Ocean Ridge Garden Club marks 50 years
of creating beauty, relationships
About 30 members of the Ocean Ridge Garden Club were on hand at the club’s January meeting.
The organization is celebrating 50 years of serving the community and developing friendships.
Photos by Jerry Lower/The Coastal Star
Mary Ann Cody and former club president Joan Beck recite
the Pledge of Allegiance at the beginning of a garden club meeting.
By Ron Hayes
The Ocean Ridge Garden Club plants sea oats and sea grapes, bougainvillea and milkweed.
From those plantings, friendships grow. From those friendships, a community spirit blooms.
From that spirit, the town is beautified.
And club members have been doing it since 1966. Beginning March 20, the club will initiate three days of festivities to celebrate its half-century of horticulture.
“We’ll have a kickoff reception in Town Hall, which will be beautifully and exquisitely decorated with award-winning arrangements,” promises Lynn Allison, chair of the club’s 50th anniversary committee.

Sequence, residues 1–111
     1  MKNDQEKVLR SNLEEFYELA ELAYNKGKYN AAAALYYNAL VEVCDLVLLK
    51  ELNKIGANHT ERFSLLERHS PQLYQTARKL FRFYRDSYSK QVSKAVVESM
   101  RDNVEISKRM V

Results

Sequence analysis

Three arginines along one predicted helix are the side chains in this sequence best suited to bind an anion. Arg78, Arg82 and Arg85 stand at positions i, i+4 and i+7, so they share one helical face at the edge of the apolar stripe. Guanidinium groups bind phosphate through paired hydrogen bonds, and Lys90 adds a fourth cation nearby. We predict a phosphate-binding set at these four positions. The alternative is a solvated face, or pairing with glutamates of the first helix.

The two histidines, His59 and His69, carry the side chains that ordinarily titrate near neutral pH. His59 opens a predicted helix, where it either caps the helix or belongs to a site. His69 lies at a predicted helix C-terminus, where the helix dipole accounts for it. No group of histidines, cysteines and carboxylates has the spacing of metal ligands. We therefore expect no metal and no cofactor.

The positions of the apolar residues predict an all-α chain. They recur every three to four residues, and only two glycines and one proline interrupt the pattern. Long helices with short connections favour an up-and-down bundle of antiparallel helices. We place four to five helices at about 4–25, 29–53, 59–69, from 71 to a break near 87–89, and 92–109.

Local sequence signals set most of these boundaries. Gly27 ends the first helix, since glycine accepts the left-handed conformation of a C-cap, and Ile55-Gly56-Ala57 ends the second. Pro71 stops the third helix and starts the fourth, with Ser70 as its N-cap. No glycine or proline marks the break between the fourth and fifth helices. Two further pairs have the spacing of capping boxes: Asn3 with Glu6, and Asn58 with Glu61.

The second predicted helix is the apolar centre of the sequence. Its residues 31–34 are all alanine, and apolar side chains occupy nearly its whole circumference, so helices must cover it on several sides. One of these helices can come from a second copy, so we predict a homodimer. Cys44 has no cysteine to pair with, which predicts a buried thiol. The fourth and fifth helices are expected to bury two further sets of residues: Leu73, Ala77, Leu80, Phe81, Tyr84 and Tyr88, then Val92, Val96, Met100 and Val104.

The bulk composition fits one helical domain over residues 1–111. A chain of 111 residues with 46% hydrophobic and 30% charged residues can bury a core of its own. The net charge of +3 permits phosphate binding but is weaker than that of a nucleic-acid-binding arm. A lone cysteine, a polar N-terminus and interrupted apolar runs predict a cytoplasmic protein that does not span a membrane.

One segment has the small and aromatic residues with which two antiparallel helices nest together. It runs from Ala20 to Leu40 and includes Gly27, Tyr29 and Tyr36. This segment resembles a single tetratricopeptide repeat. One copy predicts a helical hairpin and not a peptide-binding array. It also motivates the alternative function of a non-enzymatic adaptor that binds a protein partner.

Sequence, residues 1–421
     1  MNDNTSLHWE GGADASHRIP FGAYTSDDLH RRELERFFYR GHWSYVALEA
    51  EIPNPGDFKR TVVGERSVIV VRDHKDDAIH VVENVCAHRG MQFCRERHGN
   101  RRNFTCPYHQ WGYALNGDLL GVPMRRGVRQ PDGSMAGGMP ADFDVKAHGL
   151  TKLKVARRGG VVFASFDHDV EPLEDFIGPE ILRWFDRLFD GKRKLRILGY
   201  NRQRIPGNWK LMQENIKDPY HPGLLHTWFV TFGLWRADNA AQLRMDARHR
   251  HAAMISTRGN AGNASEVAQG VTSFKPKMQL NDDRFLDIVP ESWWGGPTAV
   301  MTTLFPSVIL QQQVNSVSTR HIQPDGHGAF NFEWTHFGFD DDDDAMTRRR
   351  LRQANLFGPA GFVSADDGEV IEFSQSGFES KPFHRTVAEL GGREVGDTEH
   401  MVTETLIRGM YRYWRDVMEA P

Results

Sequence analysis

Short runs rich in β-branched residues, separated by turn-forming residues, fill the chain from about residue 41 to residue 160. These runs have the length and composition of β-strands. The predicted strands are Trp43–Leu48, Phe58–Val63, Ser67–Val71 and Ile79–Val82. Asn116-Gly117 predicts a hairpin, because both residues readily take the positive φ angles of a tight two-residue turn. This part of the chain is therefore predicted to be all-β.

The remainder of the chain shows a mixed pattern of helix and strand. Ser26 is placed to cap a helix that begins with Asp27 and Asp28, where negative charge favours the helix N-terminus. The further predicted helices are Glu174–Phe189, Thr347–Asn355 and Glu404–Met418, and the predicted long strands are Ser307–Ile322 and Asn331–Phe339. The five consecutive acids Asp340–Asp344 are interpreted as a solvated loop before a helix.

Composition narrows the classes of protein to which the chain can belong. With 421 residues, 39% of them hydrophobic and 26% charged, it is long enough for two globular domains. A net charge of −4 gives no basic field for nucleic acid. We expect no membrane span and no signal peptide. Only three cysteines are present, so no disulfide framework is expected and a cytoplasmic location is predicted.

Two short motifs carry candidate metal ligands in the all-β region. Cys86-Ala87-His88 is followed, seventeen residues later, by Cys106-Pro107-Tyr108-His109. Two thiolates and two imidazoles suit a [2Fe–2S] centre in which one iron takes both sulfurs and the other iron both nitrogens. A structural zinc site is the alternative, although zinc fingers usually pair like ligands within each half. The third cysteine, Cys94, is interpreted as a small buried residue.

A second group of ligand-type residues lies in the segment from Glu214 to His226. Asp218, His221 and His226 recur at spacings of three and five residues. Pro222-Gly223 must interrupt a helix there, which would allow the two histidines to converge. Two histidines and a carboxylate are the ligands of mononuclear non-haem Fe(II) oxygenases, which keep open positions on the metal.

A floral decoration will adorn the hall’s exterior. A colorful slide show will play within, and signs will rise along Ocean Avenue.
A commemorative pamphlet, A Gardening Guide for Living on the Barrier Island, is being prepared, and guest speakers such as landscape architect Pamela Crawford and John Lopez, past president of the Tropical Orchid Society, will appear throughout the week.
“And we’ve scanned 50 years of scrapbooks to create a memorabilia book of highlights that will be on display,” Allison adds.
Garden Club members Blanch Matthews, Catherine Mangione, Mary Artsman and Dorothy Guzzo (left photo)
at a 1984 Christmas party at Crown Colony Yacht Club.
Grace Browner, Mary Westaphal, Catherine Mangione, Pat Piche, Jenny Rollyson
and Mayor Eric Mangione during a 1986 beach planting.